A new book by Ed Goodwin
Last year it was Journey to the Moon, this year it is Amazing Adventures in Time. Comic writer, Ed Goodwin, has turned out another book this year, based on the same family: would-be techno-wizard Dad, sceptical but resigned Mum, daughter Suzy sometimes trying out things for herself, and Connie, the youngest, who mostly goes along with Suzy.
It is billed as a book for children but, as with its prequel, some of the conversations have an Alice in Wonderland appeal to logic. The conversations dance about between reality, play and pretend:
Adventures in time
“It’s working now,” [Dad] said excitedly.
“You mean you can go backwards and forwards in time,” said Mum.
“Well not exactly, no, but the lever works.”
“Oh good”, said Mum.
This was not the enthusiastic response he had been hoping for.
“We can pretend to go back to Suzy’s birthday now,” he said.
“I suggest you just let them play with the machine, and they could pretend it really works,” [said Mum].
Like a married couple
The altercations between Mum and Dad show that this is really a comic book to appeal to adults. Dad, constantly coming up with unworkable solutions, reminds me of the roles the actor Richard Briers took in the 1970s sitcom ‘The Good Life’ or the 1980s ‘Ever Decreasing Circles’.
“So, I can give them the time machine today and explain that we can’t really use it go back in time for a couple of weeks.”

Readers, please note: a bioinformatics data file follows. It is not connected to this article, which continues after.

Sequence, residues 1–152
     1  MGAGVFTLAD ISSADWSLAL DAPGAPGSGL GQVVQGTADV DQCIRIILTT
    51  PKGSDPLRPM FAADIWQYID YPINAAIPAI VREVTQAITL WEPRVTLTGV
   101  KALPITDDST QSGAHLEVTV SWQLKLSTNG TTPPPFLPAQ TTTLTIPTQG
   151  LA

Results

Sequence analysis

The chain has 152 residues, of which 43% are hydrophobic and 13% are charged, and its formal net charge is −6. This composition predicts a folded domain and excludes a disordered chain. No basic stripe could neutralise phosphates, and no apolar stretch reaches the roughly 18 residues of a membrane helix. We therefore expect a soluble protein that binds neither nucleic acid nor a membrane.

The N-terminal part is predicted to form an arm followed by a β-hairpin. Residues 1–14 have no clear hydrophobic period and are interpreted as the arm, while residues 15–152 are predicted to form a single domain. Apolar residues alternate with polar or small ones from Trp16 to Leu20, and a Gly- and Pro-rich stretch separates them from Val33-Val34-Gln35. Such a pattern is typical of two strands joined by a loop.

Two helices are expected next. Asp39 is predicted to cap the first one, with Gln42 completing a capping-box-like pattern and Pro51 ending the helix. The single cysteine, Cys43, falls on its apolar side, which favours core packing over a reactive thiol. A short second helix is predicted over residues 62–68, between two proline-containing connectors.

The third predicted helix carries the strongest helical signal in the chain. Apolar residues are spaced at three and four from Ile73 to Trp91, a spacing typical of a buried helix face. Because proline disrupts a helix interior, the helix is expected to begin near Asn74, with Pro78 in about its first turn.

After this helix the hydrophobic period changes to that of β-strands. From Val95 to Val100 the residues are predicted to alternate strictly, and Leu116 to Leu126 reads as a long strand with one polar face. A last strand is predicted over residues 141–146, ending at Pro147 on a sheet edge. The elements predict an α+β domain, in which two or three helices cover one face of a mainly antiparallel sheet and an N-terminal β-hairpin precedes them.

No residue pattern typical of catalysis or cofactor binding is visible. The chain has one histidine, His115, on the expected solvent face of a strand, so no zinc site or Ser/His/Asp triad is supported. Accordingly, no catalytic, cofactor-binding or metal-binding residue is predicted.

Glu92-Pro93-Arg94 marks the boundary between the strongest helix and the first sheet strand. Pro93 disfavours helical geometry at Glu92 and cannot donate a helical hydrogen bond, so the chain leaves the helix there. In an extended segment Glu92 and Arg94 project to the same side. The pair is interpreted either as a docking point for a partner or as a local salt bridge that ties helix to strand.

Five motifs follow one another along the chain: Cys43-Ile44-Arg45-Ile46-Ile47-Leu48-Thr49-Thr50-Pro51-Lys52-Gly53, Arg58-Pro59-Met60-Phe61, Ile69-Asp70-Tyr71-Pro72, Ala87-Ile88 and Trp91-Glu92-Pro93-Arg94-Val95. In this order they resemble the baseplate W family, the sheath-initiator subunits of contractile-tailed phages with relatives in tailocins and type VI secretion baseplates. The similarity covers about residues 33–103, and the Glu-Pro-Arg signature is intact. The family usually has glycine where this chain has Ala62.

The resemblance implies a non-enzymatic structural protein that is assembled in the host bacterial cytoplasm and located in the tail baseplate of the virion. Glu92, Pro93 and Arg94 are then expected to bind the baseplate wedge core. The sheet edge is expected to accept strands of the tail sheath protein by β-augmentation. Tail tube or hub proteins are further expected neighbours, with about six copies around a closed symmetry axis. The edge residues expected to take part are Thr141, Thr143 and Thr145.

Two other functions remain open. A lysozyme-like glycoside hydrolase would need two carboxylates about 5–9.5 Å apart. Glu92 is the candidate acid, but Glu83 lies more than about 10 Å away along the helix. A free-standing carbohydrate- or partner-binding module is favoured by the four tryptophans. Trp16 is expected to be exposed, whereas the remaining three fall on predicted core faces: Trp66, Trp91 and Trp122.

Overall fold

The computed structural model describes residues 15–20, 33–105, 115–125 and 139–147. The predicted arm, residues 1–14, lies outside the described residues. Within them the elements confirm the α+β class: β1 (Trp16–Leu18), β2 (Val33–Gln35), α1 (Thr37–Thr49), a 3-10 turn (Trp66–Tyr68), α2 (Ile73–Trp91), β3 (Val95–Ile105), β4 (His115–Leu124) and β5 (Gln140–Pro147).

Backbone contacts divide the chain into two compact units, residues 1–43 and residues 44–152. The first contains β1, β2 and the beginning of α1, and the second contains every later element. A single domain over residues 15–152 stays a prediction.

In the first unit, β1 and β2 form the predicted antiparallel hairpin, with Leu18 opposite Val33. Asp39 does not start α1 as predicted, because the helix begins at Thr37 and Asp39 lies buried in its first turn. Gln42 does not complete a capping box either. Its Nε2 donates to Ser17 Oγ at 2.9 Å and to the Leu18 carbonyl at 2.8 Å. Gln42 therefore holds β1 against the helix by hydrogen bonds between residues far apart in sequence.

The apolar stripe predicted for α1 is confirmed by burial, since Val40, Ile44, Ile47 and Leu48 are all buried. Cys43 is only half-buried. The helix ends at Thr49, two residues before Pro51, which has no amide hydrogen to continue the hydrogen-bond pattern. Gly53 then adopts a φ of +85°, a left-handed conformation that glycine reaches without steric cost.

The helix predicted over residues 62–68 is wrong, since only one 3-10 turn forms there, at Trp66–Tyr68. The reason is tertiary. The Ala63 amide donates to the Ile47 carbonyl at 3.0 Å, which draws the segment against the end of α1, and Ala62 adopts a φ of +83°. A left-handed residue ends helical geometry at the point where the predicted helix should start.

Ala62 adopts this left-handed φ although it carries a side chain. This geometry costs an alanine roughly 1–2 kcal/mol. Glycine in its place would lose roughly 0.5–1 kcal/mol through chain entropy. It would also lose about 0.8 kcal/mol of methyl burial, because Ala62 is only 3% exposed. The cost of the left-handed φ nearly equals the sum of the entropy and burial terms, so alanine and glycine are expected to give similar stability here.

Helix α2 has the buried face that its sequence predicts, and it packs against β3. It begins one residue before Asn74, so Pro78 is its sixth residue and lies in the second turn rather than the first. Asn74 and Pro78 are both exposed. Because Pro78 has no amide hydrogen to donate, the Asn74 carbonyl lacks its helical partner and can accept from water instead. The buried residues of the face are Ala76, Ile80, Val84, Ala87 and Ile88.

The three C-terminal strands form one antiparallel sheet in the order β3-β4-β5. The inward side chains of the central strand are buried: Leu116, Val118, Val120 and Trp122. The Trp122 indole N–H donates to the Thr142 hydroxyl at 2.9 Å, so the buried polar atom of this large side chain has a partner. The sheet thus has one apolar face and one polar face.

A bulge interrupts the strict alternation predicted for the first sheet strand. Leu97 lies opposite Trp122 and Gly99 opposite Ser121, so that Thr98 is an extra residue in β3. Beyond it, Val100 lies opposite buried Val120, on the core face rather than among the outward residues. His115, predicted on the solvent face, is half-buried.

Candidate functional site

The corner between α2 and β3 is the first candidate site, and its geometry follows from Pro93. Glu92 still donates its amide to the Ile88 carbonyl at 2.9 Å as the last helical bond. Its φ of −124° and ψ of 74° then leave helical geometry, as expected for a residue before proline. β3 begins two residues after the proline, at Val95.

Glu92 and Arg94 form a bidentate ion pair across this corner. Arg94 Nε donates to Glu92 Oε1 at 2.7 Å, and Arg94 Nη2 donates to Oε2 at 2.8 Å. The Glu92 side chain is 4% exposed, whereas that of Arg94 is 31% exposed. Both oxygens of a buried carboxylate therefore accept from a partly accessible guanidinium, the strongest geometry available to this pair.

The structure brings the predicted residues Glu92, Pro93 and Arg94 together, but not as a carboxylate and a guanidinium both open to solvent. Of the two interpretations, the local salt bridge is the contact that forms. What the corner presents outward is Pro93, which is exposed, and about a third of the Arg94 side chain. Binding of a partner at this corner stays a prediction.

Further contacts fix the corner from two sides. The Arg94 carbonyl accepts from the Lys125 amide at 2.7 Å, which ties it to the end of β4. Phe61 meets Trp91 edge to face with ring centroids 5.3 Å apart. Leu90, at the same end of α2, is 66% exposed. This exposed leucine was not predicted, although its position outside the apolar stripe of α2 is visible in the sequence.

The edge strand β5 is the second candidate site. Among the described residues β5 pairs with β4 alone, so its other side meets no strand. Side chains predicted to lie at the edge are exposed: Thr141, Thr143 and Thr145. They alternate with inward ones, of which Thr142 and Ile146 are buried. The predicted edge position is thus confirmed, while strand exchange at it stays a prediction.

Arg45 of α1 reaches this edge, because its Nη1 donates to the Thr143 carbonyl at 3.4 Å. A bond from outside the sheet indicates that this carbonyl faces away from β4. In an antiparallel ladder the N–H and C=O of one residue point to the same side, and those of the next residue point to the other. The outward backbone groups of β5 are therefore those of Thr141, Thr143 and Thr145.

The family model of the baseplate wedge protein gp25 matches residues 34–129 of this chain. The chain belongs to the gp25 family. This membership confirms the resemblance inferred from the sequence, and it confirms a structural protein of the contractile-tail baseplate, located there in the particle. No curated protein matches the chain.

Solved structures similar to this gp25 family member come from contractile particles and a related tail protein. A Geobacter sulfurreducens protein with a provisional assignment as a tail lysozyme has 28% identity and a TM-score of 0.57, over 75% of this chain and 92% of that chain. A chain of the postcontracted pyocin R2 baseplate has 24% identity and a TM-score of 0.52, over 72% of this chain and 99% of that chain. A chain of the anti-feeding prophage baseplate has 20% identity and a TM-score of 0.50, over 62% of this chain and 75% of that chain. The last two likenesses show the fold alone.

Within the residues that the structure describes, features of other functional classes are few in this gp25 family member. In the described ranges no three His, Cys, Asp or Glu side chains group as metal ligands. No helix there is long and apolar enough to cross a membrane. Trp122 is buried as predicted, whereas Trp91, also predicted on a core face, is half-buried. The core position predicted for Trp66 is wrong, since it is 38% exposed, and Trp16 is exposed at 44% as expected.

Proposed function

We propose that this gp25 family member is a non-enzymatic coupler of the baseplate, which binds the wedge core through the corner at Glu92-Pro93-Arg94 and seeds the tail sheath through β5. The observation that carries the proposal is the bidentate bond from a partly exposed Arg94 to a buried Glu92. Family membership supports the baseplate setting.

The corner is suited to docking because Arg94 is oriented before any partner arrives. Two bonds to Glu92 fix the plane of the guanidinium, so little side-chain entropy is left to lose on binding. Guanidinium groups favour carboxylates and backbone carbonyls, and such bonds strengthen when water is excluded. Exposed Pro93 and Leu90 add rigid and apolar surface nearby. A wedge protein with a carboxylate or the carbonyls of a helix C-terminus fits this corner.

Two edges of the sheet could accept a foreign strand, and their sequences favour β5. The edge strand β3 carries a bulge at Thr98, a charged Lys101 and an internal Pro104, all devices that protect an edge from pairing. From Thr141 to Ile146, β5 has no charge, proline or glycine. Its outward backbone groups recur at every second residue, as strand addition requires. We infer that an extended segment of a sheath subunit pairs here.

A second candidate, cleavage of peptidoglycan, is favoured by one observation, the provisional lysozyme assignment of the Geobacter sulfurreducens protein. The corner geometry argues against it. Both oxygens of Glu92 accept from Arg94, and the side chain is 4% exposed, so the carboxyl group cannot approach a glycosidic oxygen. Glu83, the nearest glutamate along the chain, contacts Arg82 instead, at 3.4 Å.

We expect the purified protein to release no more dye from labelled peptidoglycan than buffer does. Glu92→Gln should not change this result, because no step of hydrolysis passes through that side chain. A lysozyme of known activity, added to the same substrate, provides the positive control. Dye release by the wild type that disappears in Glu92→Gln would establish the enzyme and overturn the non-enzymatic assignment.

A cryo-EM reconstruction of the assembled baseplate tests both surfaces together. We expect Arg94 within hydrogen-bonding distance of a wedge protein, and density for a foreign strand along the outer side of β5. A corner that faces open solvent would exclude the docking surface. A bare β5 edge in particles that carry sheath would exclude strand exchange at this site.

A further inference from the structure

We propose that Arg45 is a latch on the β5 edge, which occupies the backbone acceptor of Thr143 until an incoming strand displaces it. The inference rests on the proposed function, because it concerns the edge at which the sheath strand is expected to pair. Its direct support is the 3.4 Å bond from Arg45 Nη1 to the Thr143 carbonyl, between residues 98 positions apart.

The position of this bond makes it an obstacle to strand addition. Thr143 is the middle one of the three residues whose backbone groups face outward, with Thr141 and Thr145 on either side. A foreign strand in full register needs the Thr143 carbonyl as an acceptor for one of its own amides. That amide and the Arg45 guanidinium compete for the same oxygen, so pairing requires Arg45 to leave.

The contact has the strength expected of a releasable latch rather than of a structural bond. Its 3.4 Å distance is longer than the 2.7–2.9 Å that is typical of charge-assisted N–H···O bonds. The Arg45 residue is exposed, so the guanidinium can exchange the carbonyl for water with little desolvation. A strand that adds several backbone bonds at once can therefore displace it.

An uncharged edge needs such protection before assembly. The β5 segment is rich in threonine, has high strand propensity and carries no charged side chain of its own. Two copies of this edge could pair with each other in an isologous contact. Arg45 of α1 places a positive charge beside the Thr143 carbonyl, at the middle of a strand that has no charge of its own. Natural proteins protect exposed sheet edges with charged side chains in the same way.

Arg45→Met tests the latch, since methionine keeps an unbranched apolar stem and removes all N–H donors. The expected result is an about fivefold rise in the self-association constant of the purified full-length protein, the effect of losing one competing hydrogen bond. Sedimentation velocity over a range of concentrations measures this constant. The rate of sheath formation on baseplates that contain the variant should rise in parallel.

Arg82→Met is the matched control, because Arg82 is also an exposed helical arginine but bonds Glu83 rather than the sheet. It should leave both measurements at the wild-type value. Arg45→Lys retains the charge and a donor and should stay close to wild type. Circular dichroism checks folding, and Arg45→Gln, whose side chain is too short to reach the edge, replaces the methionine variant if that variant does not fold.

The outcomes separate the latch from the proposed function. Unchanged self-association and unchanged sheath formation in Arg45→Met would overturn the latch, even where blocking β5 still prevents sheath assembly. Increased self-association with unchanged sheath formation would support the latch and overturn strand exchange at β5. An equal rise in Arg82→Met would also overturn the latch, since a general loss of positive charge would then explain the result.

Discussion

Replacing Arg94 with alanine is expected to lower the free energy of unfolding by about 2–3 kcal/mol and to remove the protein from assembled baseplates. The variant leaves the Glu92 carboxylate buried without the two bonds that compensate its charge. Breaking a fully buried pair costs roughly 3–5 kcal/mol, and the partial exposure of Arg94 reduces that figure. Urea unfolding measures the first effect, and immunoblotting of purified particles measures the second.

“Well, it won’t be much use as a present then,” said Mum.
“You haven’t seen it yet,” said Dad, “it’s still rather wonderful.”
“If you say so,” said Mum.
It would make a good TV script
One can just imagine the voice tones and expression of a skilled TV actress like Penelope Wilton voicing that. I wonder if author Ed Goodwin has ever tried to enrol as a writer of comedy scripts for TV?
Skilful plot construction
As a reviewer, I should not wish to disclose the entire plot, but I must point out that the plotting is skilful. There is not just one adventure, but several adventures, each surprisingly different, and going both backwards and forwards in time. The reader, like Mum, just has to suspend disbelief and go with the flow.
As the plot proceeds, there is not just one time machine, but also another, though both of them are based on old armchairs fit for the tip, with some electronics screwed on. Also, a TV screen and a digital clock are required for some tests. Just enough to be plausible in a childish sort of way.
Ending with a twist
Each character in turn has some sort of adventure with time. Yes, even sceptical Mum. Each adventure is scary and unpredictable. They are not really in control of the machine. Are these just tricks of the imagination or…?
There is a final twist to the plot, bringing it back to the mundane reality of Suzy’s school class, with a jolt. But I cannot reveal what it is. I can simply highly recommend this sparkling new book of comic adventures just published by Conrad.